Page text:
hannah_hardaway_wedding_photographer

I don't limit myself by what seems possible.
I go to yoga classes in the middle of the day.
I believe how we interact in the world is more important than what we have accomplished.
I still send handwritten notes and craft gifts by hand.
I love finding happy homes for things I no longer need.
I believe in getting outside as much as possible.
I avoid foods with ingredients that I can't pronounce.
I don't feel guilty screening my phone calls if I am busy living life in the moment.
I believe travel and sleep are two of the best investments.
I buy way too many books.
I can trick myself into dreaming big.

 

Some Highlights along my Journey

My early days at gymnastics.

My early days at gymnastics.

I consider my childhood to have been pretty idyllic. We lived in a small chalet on a dead end in a rural town on Lake Winnipesaukee, and my brother and I spent much of our early years exploring and wandering the woods, building treehouses, making mudpies and riding bikes. As we got older, that shifted into lots of organized sports—for me, gymnastics, volleyball, basketball, softball and skiing. It was on the court, field, and slopes that I learned to challenge and push myself, to try new things, to work hard towards my goals and see them come to fruition, and also where I found my close knit community of friends to be silly and playful with.

 

Playing in the ocean at the Jersey shore with my cousin Kellie.

Playing in the ocean at the Jersey shore with my cousin Kellie.

My parents got rid of our television when I was really young to ensure they wouldn't be distracted and would be available to be really hands-on with us, whether that meant playing ball in the yard after school, wrestling in the living room after dinner, playing endless board games and cards, and helping with whatever my latest crafting passion was. Family trips to visit my grandparents are some of my fondest memories, especially in the summer when we would all pack up and head to the Jersey shore for seemingly endless days of swimming in the ocean, building sandcastles, and family meals enjoyed with soggy, sandy hands.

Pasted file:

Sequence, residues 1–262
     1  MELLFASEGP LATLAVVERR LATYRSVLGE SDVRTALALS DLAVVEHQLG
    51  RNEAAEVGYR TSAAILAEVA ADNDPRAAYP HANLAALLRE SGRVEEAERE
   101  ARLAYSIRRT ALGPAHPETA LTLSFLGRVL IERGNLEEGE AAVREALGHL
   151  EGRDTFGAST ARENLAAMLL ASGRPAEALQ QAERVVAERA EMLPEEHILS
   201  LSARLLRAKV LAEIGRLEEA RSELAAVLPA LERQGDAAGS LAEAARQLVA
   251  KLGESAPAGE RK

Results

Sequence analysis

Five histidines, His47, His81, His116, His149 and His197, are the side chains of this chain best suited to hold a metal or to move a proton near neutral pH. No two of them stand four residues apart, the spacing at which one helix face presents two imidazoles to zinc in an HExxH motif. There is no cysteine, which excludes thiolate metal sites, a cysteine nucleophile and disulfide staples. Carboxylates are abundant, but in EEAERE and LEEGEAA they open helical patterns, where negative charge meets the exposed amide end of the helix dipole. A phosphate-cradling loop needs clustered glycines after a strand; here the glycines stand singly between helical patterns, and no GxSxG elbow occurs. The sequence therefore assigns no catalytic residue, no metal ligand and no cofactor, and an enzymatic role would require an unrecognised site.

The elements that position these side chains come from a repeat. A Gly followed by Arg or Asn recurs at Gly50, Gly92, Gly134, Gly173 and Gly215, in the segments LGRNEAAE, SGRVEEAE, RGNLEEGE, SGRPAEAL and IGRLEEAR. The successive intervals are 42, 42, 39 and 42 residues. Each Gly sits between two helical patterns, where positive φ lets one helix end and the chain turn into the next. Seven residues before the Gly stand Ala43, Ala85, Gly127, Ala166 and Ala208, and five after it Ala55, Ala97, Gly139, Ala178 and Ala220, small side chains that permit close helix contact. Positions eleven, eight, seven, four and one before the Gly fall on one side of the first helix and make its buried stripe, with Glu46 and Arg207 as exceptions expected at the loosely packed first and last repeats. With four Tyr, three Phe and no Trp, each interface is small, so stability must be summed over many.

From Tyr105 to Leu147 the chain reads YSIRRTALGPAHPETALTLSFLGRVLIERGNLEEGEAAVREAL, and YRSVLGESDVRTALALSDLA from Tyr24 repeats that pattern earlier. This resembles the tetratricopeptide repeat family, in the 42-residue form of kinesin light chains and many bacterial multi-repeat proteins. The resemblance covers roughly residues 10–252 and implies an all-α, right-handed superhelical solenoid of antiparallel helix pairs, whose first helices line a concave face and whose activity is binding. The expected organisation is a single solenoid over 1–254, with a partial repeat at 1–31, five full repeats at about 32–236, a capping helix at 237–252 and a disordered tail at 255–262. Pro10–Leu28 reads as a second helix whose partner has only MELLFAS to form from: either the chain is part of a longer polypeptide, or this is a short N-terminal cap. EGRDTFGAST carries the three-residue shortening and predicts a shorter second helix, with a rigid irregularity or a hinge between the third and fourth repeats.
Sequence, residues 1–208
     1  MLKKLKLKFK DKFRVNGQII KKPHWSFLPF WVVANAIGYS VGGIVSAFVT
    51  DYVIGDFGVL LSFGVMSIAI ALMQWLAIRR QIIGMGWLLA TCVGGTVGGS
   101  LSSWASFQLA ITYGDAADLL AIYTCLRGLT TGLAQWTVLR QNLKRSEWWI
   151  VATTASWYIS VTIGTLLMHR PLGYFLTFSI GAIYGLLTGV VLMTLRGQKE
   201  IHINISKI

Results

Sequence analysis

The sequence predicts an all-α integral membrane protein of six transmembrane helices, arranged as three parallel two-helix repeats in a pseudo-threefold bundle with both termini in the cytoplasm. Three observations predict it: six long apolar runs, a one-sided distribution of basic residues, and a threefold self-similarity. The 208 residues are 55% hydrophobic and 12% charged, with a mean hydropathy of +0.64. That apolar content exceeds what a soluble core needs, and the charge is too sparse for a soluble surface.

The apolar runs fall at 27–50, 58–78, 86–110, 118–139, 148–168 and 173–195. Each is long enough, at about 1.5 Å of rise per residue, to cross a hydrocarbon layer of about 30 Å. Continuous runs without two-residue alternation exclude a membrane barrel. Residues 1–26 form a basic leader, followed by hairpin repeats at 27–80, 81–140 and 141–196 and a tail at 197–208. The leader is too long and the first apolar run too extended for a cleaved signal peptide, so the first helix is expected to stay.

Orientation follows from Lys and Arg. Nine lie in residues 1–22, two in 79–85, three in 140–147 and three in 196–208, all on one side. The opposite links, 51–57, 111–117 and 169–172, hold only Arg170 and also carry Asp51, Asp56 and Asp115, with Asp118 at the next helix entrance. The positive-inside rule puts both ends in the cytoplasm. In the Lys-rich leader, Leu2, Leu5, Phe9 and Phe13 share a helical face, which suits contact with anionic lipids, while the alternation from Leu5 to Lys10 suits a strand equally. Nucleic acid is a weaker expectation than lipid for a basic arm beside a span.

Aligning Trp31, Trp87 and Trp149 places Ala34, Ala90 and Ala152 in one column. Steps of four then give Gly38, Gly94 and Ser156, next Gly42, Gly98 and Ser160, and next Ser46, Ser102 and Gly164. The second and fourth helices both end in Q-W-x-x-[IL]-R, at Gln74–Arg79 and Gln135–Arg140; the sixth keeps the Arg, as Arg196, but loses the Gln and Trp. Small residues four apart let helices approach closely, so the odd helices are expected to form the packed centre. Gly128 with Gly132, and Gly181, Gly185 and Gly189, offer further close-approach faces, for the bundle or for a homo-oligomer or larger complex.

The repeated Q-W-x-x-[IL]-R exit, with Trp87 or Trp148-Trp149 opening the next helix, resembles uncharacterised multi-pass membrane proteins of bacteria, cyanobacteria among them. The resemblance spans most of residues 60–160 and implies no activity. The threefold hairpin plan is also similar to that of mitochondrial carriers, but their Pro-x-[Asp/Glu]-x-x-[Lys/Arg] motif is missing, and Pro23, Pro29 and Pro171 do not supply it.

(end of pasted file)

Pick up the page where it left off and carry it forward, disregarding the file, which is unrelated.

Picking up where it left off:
My father, brother, and I skiing.

My father, brother, and I skiing.

When I was eleven my brother wanted to join the Killington Freestyle Mogul Team. I wanted to be like my brother, so my father signed up both of us. Every weekend, the three of us (my mom didn’t like the cold and my sister was already out of the house) would travel 2 ½ hours each way to Vermont to ski with a small team of people who, to this day, are some of the funniest and most fun-loving people I have even known. Local competitions led to regional competitions, and by the time I was 13, I won my first of five Junior Nationals. At 14, I qualified for my first Nationals, and at 16, I won Junior World Championships and went on to secure a spot on the U.S. Ski Team.  

Skiing broadened my worldview and opened the door to incredible opportunities for this little girl from New Hampshire with limited means. It gave me opportunities to travel and compete all over the world and connected me into an international community of people who were passionate about living life boldly. This playful and eclectic gypsy band of traveling athletes became an extended family and inspired me to work hard and play harder, to make the most of each and every day, and to never to take myself too seriously. While I’m proud of the medals and titles I earned during my 9 years on the U.S. Ski Team, for me, these are secondary to the incredible experiences I got to share with this extraordinary tribe.

Getting some quick champagne cork popping instructions after winning my first career World Cup at Deer Valley Mountain Resort on the Olympic course one year before the Olympics after having missed back-to-back ski seasons rehabbing from multiple knee surgeries and having had to earn back my World Cup Starts.

Getting some quick champagne cork popping instructions after winning my first career World Cup at Deer Valley Mountain Resort on the Olympic course one year before the Olympics after having missed back-to-back ski seasons rehabbing from multiple knee surgeries and having had to earn back my World Cup Starts.